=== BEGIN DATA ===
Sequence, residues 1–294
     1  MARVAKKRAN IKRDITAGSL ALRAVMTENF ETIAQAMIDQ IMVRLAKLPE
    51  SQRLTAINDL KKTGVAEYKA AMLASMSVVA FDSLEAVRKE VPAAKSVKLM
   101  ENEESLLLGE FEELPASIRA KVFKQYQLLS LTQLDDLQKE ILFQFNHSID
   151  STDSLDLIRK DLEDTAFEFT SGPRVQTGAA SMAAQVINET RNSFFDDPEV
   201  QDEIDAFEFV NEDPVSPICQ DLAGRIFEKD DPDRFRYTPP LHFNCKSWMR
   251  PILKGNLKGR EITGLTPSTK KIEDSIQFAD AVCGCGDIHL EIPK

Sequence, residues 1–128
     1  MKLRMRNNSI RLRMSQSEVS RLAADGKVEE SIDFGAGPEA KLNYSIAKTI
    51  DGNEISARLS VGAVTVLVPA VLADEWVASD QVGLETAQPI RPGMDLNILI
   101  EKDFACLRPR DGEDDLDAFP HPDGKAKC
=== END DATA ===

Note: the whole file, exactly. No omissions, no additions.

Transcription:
Sequence, residues 1–294
     1  MARVAKKRAN IKRDITAGSL ALRAVMTENF ETIAQAMIDQ IMVRLAKLPE
    51  SQRLTAINDL KKTGVAEYKA AMLASMSVVA FDSLEAVRKE VPAAKSVKLM
   101  ENEESLLLGE FEELPASIRA KVFKQYQLLS LTQLDDLQKE ILFQFNHSID
   151  STDSLDLIRK DLEDTAFEFT SGPRVQTGAA SMAAQVINET RNSFFDDPEV
   201  QDEIDAFEFV NEDPVSPICQ DLAGRIFEKD DPDRFRYTPP LHFNCKSWMR
   251  PILKGNLKGR EITGLTPSTK KIEDSIQFAD AVCGCGDIHL EIPK

Sequence, residues 1–128
     1  MKLRMRNNSI RLRMSQSEVS RLAADGKVEE SIDFGAGPEA KLNYSIAKTI
    51  DGNEISARLS VGAVTVLVPA VLADEWVASD QVGLETAQPI RPGMDLNILI
   101  EKDFACLRPR DGEDDLDAFP HPDGKAKC